Throw Someone A Lifeline Today and ask “R U OK?”

This week I’m going slightly off topic for a good cause and linking up with Gemma from My Big Nutshell for RU OK Day.

This post isn’t going to be a long one and the contribution I’m looking for won’t cost you a cent. There are lots of other people writing about their own personal experiences with depression and its devastating impact on their lives and the lives of those around them. When I first considered taking part in this link up I didn’t think I’d have any really  direct personal experiences to share. Life’s been kind to me so far, with more of life’s ups than downs to have to deal with. As I mulled over the topic during the last few weeks I started to count up the number of people that I and my family have known over the years who have been affected by depression and I started to realise they really did reflect the statistics. One in five of of us will experience depression at some point in our lives.

The symptoms of depression can manifest in different ways for different people and I am in no way an expert on the topic. The common thread that runs through the situations that have touched my experience of depression is that these people, despite significant challenges in their lives presented outwardly as very positive and bubbly people with everything to live for.

Today, Thursday 15 September, 2011 is R U OK?Day. It’s a national day of action which aims to prevent suicide by encouraging Australians to connect with someone they care about and help stop little problems turning into big ones.

On that day we want everyone across the country, from all backgrounds and walks of life, to ask family, friends and colleagues: “Are you OK?”.

Staying connected with others is crucial to our general health and wellbeing. Feeling isolated or hopeless can contribute to depression and other mental illnesses, which can ultimately result in suicide. Regular, meaningful conversations can protect those we know and love.

It’s so simple. In the time it takes to have a coffee, you can start a conversation that could change a life. You don’t need to leave a comment here. Just pop next door, hop in the car, pick up the phone and ask someone “R U OK?”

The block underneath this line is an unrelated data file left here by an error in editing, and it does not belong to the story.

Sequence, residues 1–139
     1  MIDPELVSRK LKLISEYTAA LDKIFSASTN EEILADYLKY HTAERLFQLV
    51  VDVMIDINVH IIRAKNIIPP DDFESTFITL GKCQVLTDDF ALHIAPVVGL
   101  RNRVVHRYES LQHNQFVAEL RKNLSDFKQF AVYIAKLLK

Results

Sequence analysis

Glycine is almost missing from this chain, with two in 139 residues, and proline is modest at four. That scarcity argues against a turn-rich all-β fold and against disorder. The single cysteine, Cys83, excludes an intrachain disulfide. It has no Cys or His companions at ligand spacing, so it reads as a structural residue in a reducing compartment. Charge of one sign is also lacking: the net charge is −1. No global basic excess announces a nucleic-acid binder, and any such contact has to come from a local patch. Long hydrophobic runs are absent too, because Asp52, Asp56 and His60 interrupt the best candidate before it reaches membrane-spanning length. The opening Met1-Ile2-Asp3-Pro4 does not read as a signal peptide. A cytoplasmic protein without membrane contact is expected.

The R U OK website has some guidelines on how to start this conversation here

The following are some recommended help and information contacts:

General

SANE www.sane.org

Beyondblue www.beyondblue.org.au

Black Dog Institute www.blackdoginstitute.com.au

Young people

headspace www.headspace.org.au

ReachOut! www.reachout.com

Youth

beyondblue www.youthbeyondblue.com

Culturally and linguistically diverse and Aboriginal backgrounds

Multicultural Mental Health Australia www.mmha.org.au

Local Aboriginal Medical Service www.vibe.com.au



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  1. Such a simple question but one that can make a huge difference. I’m popping by after I read your comment on Karen’s post on Wonder and you know what? Again, I am left thinking of LAST CHILD IN THE WOODS. Nature has a huge impact on depression adn I think what Louve said about subscribing a walk instead of a pill is something to consider. I don’t want to make depression seem simply fixed at all, I know it is more than this but what he said in that book just makes sense. Nature heals the mind and spirit!

    1. Thanks for dropping by Gillian. I’m on the same page. I get cabin fever if I don’t get out and one of the reasons I started writing this blog was to motivate me to get my children out as much as possible. The effect on us all when we get outside is measureable. I’m a big fan of Louvre, I must get his next book for a read over Christmas!

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